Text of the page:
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She's taken my door keys!!

(30 Posts)
WibbleWobble1 Fri 28-Nov-14 14:52:27

I have another thread going on - working away from home..

Anyway cut a long story short, my and my OH are having a relationship meltdown. I found a dream job about 100 miles away.. she doesn't want to move.. I've pushed her and tried to find a compromised... she's told me it over.

I was about to leave.. to collect my son and spend the weekend with my dad.. I just went to my desk and found that she has removed my door keys from the key ring.

If I go out I can't get back in.

What do I do? When I get back from dad's I could be homeless..

Is this illegal? The home is a council home, in her name, but I pay the rent, council tax and some other bills.

Completely stuck now!! Help?

Longtalljosie Fri 28-Nov-14 14:54:02

Have you called her? If not, you can't go out till she's back...

WibbleWobble1 Fri 28-Nov-14 14:54:57

I've tried to call.. tried to text but she's not answering or responding.

CogitoErgoSometimes Fri 28-Nov-14 14:56:52

Legally speaking, if the place is in her name then all you really are is a very generous lodger. hmm Have you tried talking to her? Is the key business to prevent you from leaving or from returning?

WibbleWobble1 Fri 28-Nov-14 14:58:54

I've no idea what the purpose of taking the keys are... I'm completely stuck..

I went downstairs (I work from home).. she went up.. went out.. and then when I got back to my desk.. keys.. removed.

Damn.. this is just incredible.. I'm flummoxed!

Granville72 Fri 28-Nov-14 15:00:21

Surely if you have your son, not only will she be locking you out but your son as well?

If you are spending the weekend away, then take an weekend bag for yourself and your son with you when you go to collect him (from school I assume) and head straight to your dads?

Is the child joint or yours from a previous relationship?

InfinitySeven Fri 28-Nov-14 15:00:37

I have a feeling that if the house is in her name, legally you have no right to re-entry if she doesn't want you there. Who has been paying the bills is probably legally irrelevant to a council house.

If she's taken your door keys, she either doesn't want you back, or she's making a point. Either way, you're going to have to talk to her, so I'd cancel your plans. If you've got nowhere else to stay, you can't leave until you've agreed a way forward.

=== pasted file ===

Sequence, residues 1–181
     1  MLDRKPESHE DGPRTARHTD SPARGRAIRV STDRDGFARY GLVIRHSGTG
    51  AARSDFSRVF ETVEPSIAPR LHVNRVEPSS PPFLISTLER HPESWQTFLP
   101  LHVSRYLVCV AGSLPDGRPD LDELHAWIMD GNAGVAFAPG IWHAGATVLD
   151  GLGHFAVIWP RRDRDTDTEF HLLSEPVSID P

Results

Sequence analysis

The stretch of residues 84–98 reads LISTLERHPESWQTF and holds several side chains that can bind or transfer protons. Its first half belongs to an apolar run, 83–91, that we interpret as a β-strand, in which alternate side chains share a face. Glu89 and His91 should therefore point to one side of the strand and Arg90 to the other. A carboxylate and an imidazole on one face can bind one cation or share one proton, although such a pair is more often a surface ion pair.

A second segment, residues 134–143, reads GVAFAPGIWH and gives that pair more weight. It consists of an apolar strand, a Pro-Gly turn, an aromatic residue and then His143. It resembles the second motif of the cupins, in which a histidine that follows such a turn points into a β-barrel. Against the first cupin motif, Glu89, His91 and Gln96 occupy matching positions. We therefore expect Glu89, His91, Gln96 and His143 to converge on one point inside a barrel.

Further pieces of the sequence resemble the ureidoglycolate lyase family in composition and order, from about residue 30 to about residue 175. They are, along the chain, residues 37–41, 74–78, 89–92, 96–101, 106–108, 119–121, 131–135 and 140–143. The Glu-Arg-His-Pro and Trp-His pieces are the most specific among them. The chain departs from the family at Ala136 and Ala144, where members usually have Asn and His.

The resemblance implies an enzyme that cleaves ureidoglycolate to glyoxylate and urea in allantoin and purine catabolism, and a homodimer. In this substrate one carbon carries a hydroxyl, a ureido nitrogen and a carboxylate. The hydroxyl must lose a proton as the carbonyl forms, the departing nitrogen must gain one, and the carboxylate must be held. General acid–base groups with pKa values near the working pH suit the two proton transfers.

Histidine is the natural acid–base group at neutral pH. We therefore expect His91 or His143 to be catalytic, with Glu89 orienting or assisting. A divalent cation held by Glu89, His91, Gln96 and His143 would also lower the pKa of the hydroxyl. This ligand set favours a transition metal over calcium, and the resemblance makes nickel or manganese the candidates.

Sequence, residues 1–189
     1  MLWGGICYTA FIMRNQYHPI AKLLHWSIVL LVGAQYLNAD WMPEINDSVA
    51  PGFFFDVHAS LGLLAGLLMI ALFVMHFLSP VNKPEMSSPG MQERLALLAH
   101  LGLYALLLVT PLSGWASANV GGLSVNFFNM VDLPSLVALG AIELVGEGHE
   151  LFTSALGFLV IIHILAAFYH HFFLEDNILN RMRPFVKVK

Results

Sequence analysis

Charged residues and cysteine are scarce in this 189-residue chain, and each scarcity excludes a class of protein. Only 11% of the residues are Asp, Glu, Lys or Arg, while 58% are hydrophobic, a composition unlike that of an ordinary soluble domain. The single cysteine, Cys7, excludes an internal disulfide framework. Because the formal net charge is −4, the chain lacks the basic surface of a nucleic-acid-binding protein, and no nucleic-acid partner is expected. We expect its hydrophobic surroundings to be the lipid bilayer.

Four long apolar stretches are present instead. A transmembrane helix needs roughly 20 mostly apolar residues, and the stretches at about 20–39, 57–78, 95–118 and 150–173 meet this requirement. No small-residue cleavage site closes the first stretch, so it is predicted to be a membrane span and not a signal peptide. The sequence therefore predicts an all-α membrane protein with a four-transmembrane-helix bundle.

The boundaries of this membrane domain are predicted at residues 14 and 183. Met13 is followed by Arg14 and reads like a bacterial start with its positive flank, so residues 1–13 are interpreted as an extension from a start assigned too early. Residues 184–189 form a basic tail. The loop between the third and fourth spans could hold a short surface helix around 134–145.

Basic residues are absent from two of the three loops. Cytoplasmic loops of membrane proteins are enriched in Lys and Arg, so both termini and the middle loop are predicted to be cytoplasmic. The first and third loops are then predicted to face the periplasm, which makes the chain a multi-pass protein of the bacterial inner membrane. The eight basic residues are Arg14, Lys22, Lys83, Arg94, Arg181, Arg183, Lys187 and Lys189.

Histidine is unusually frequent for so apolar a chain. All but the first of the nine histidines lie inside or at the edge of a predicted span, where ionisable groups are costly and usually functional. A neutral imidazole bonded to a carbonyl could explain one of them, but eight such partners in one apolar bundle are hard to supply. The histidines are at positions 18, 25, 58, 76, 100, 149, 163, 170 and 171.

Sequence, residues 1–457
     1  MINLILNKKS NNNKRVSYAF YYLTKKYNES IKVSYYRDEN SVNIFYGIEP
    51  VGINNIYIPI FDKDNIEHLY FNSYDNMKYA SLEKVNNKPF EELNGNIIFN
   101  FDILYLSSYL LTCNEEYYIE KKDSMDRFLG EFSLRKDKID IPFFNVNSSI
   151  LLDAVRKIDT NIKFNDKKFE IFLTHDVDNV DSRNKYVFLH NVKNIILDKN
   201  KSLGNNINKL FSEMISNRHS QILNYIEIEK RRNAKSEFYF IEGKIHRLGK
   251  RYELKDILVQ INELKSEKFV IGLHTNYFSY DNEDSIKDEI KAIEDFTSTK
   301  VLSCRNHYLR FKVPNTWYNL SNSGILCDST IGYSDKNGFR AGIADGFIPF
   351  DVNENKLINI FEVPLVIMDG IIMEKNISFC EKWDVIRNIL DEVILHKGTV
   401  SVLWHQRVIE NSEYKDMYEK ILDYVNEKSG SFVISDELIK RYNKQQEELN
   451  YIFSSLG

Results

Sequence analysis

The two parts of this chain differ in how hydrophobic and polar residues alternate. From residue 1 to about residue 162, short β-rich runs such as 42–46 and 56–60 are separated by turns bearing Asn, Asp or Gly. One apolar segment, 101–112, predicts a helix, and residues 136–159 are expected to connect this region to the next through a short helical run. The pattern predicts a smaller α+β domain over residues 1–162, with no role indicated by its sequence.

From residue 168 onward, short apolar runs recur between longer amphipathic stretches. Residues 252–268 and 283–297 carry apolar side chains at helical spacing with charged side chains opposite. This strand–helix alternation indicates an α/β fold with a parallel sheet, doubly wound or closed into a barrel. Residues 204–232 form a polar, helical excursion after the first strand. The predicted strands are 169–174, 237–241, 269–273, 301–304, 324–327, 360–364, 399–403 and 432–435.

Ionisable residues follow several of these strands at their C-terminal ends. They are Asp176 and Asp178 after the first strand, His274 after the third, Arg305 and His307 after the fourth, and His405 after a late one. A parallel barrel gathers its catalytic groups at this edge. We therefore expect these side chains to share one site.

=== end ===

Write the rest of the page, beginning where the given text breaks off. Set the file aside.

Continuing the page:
WibbleWobble1 Fri 28-Nov-14 15:06:24

I'd already packed the weekend bag.. I planned to leave soon.. I have a two hour plus drive ahead of me.

My son is from a previous relationship... so she doesn't have any responsibility to him.

Sounds like I've been screwed over.. Rent went out yesterday.. Council Tax too... and boom.. screwed.

CogitoErgoSometimes Fri 28-Nov-14 15:09:31

It was pretty clear from the other thread that she wasn't going to compromise in order to join you in London. This sounds like she's voting with her feet.. or more accurately keys. Has there been an argument today?

FeckTheMagicDragon Fri 28-Nov-14 15:14:54

I'm sorry you are in such a difficult spot, but as others have pointed out, the house is in her name, so legally, yes, she doesn't have to let you back in. I suggest you gather any important docs and items, and text here that you will pick up your belongings when you get back.

Re the move, how insistent were you being? To be honest if I were her, especially if I had children of my own, no way would I give up the security of a council house, plus local support network, and possibly to go traipsing off after someone that I'm not even married to.

InfinitySeven Fri 28-Nov-14 15:16:28

She hasn't said that you can't go. She just doesn't want you back.

There might be a compromise here in terms of agreeing that you can stay a week or so, but it'd be up to her.

She could be feeling quite hurt that you've chosen the new job over her, and that has caused her to decide to move on now, as soon as possible. I suppose you are now free to go to the new job, and move to London.

Does your son live with you full-time?

SassySugarCane Fri 28-Nov-14 15:21:19

If she has asked you to leave and its all in her name, you need to leave. As for pushing her into leaving, that was wrong with you. If she doesn't want to leave she doesn't have to.